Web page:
Format

Send to

Choose Destination
Cell Host Microbe. 2018 Aug 8;24(2):221-233.e5. doi: 10.1016/j.chom.2018.07.009.

A Role for Fc Function in Therapeutic Monoclonal Antibody-Mediated Protection against Ebola Virus.

Author information

1
Ragon Institute of MGH, MIT, and Harvard, Cambridge, MA 02139, USA.
2
Ragon Institute of MGH, MIT, and Harvard, Cambridge, MA 02139, USA; Department of Biological Engineering, Massachusetts Institute of Technology, Cambridge, MA 02139, USA.
3
Virology Division, U.S. Army Medical Research Institute of Infectious Diseases, Fort Detrick, Frederick, MD 21702, USA.
4
Department of Microbiology and Immunology, Albert Einstein College of Medicine, Bronx, NY 10461, USA.
5
Department of Pathobiological Sciences, School of Veterinary Medicine, Influenza Research Institute, University of Wisconsin, Madison, WI 53706, USA.
6
Department of Immunology and Microbiology, The Scripps Research Institute, The Skaggs Institute for Chemical Biology, La Jolla, CA 92037, USA.
7
National Microbiology Laboratory, Public Health Agency of Canada, Winnipeg, MB R3E 3R2, Canada.
8
Mapp Biopharmaceutical, Inc., San Diego, CA 92121, USA.
9
Department of Pathology, Microbiology, and Immunology, Vanderbilt University, Nashville, TN 37232, USA.
10
Department of Biological Engineering, Massachusetts Institute of Technology, Cambridge, MA 02139, USA.
11
National Microbiology Laboratory, Public Health Agency of Canada, Winnipeg, MB R3E 3R2, Canada; Université Laval Quebec, Québec, QC G1V 0A6, Canada.
12
Department of Immunology and Microbial Science, Scripps Translational Science Institute, Department of Integrative Structural and Computational Biology, The Scripps Research Institute, La Jolla, CA 92037, USA.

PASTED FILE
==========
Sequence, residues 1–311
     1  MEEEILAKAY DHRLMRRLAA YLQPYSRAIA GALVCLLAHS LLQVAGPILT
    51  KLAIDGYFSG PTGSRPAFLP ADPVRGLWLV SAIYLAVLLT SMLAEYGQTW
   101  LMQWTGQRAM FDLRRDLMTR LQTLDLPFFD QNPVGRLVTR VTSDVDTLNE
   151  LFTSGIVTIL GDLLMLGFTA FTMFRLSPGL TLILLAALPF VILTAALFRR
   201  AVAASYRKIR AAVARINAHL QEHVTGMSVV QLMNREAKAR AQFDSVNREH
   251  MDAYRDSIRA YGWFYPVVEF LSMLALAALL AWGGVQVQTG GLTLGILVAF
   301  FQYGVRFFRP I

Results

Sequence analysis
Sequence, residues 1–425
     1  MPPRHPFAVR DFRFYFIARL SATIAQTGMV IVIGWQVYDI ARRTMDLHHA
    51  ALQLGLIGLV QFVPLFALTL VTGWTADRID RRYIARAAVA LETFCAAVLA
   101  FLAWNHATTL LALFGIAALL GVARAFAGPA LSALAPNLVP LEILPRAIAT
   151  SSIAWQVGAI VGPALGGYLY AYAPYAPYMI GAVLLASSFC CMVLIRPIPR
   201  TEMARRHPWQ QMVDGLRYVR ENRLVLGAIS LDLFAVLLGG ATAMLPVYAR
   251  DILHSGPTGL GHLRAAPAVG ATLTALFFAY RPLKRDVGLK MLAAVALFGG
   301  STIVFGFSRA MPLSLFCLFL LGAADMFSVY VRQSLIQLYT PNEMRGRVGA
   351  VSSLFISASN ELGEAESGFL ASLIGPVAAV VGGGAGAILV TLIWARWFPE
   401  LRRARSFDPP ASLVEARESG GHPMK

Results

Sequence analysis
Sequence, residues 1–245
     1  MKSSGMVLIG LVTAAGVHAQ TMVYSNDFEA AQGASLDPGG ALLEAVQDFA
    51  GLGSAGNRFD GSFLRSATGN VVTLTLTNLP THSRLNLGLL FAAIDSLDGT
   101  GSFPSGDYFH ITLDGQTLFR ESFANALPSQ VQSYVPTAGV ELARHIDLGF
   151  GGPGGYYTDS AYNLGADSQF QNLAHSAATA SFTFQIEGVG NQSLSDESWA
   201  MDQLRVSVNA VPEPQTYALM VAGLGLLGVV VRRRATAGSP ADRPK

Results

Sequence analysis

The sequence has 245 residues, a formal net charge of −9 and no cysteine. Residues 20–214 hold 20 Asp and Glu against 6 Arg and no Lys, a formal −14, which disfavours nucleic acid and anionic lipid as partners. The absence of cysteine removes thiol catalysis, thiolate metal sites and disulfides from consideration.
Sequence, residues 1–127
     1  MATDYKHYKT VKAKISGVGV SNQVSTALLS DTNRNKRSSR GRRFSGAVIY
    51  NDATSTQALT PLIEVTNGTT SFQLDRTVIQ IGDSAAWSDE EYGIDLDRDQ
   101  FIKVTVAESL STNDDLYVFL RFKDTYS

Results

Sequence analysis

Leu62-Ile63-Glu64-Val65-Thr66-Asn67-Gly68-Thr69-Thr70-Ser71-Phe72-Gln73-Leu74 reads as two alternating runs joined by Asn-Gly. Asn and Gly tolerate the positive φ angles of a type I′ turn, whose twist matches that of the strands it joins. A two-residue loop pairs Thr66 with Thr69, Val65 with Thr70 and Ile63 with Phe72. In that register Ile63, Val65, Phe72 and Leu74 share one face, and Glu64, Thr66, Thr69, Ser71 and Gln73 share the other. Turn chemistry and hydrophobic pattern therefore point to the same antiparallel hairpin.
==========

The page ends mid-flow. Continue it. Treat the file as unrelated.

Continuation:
13
Department of Immunology and Microbiology, The Scripps Research Institute, The Skaggs Institute for Chemical Biology, La Jolla, CA 92037, USA. Electronic address: erica@scripps.edu.
14
Ragon Institute of MGH, MIT, and Harvard, Cambridge, MA 02139, USA. Electronic address: galter@partners.org.

Abstract

The recent Ebola virus (EBOV) epidemic highlighted the need for effective vaccines and therapeutics to limit and prevent outbreaks. Host antibodies against EBOV are critical for controlling disease, and recombinant monoclonal antibodies (mAbs) can protect from infection. However, antibodies mediate an array of antiviral functions including neutralization as well as engagement of Fc-domain receptors on immune cells, resulting in phagocytosis or NK cell-mediated killing of infected cells. Thus, to understand the antibody features mediating EBOV protection, we examined specific Fc features associated with protection using a library of EBOV-specific mAbs. Neutralization was strongly associated with therapeutic protection against EBOV. However, several neutralizing mAbs failed to protect, while several non-neutralizing or weakly neutralizing mAbs could protect. Antibody-mediated effector functions, including phagocytosis and NK cell activation, were associated with protection, particularly for antibodies with moderate neutralizing activity. This framework identifies functional correlates that can inform therapeutic and vaccine design strategies against EBOV and other pathogens.

KEYWORDS:

Ebola virus; Fc-receptors; antibodies; effector function; immunotherapeutics; innate immunity; phagocytosis

PMID:
30092199
DOI:
10.1016/j.chom.2018.07.009

Supplemental Content

Full text links

Icon for Elsevier Science
Loading ...
Support Center